Maersk vessel loses 90 boxes in North Pacific, including some packed with DG
Maersk has confirmed that its chartered vessel Dyros lost around 90 containers in rough seas, ...
As the fire-ravaged Maersk Honam completes discharge at Jebel Ali, nearly three months after the 15,262 teu ship caught fire in the Arabian Sea, taking the lives of five crew members, there are fears of more ULCV blazes.
The cause of the fire will not be known until the investigation is complete, but evidence from numerous previous containership fires suggests the blaze emanated from a misdeclared – and thus incorrectly stowed – container of dangerous goods.
Maersk Line has commissioned classification society ABS to lead a workshop of industry stakeholders, tasked with identifying the hazards of DG goods stowage on a range of containership sizes and designs.
According to ABS, many of the potential risks are “not fully addressed by the IMDG (International Maritime Dangerous Goods) code”.
It said: “The outcome will include recommendations to improve stowage planning and hazard mitigation, leading to better management of risks.”
Maersk Line’s head of fleet technology, Ole Graa Jakobsen, said the carrier was “determined to explore all ways to further improve safety on board our vessels”.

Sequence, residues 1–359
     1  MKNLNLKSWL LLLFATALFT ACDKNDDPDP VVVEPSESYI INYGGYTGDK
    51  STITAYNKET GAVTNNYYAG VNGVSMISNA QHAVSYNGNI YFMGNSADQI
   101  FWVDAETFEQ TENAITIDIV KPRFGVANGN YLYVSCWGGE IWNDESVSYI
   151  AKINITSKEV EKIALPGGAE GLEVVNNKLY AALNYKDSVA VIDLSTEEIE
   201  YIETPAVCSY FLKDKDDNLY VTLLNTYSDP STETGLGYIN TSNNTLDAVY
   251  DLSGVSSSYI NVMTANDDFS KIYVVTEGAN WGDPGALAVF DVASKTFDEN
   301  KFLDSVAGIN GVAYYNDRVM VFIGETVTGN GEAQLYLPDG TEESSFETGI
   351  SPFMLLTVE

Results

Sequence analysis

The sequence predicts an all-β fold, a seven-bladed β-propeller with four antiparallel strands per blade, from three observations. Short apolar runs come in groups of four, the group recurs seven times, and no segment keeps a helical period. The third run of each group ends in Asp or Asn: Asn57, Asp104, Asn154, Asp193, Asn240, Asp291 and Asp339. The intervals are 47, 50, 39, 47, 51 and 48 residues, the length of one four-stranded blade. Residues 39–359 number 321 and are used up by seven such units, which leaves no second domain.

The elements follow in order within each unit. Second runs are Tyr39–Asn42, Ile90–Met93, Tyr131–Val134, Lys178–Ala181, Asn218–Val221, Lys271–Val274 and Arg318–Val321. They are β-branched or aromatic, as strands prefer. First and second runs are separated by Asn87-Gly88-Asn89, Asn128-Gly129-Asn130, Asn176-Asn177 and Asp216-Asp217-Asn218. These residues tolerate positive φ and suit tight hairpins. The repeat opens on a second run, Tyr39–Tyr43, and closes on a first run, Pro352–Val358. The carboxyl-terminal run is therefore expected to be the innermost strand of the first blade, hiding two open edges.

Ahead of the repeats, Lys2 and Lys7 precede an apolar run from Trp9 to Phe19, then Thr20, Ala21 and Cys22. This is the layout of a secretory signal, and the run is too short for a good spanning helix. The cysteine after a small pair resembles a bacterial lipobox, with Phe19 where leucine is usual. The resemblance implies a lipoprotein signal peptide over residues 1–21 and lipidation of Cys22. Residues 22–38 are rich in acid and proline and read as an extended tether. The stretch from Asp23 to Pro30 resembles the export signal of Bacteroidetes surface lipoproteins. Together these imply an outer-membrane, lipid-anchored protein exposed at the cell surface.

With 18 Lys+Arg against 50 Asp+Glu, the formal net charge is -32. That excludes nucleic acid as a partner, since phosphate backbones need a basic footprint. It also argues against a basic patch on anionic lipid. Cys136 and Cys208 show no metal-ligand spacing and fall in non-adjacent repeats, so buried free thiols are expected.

However, despite this and similar moves, many believe the dangers of carrying a container, the contents of which are falsely declared, will continue to blight the industry.
The past decade has seen a number of serious fires on container vessels, including MSC Flaminia in July 2012, Eugen Maersk in June 2013, APL Austria in February 2017 and MSC Daniela in April 2017 – all allegedly caused by misdeclared boxes.
The general average on the Maersk Honam will be the biggest on record, running into hundreds of millions of dollars, and insurers are increasingly concerned about their exposure to risk from a ULCV casualty.
Insurers have voiced concerns not just on the misdeclared container issue, but also on the ability of the crew of a large container vessel to effectively fight a fire where the origin is a container deep in the hold.
In a recent position paper, the International Union of Marine Insurance (IUMI) said it believed “further steps are required to improve safety”.
It added: “With the growing size of container vessels, the challenge of insufficient firefighting arrangements is becoming even greater.”
Although it welcomed the 2014 SOLAS amendments applying to ships constructed after January 2016, it believes the proposals “do not go far enough”.
IUMI’s position paper includes a proposal from German Insurance Association GDV outlining additional safety measures that include separating a ship into fire compartments; a water-based firefighting system be installed in addition to a C02 system; the use of thermal sensors; and ships’ superstructures being protected from flames and heat by “effective water curtains”.